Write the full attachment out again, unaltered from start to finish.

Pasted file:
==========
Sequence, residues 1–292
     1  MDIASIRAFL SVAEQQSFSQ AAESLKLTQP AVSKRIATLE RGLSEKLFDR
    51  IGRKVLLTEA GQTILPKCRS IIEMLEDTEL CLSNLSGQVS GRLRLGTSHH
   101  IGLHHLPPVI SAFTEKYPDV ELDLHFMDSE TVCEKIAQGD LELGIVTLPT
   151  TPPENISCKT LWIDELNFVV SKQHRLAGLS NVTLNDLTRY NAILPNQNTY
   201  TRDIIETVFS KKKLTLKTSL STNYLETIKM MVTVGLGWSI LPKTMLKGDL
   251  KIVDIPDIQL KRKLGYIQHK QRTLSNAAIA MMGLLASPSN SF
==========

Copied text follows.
Sequence, residues 1–292
     1  MDIASIRAFL SVAEQQSFSQ AAESLKLTQP AVSKRIATLE RGLSEKLFDR
    51  IGRKVLLTEA GQTILPKCRS IIEMLEDTEL CLSNLSGQVS GRLRLGTSHH
   101  IGLHHLPPVI SAFTEKYPDV ELDLHFMDSE TVCEKIAQGD LELGIVTLPT
   151  TPPENISCKT LWIDELNFVV SKQHRLAGLS NVTLNDLTRY NAILPNQNTY
   201  TRDIIETVFS KKKLTLKTSL STNYLETIKM MVTVGLGWSI LPKTMLKGDL
   251  KIVDIPDIQL KRKLGYIQHK QRTLSNAAIA MMGLLASPSN SF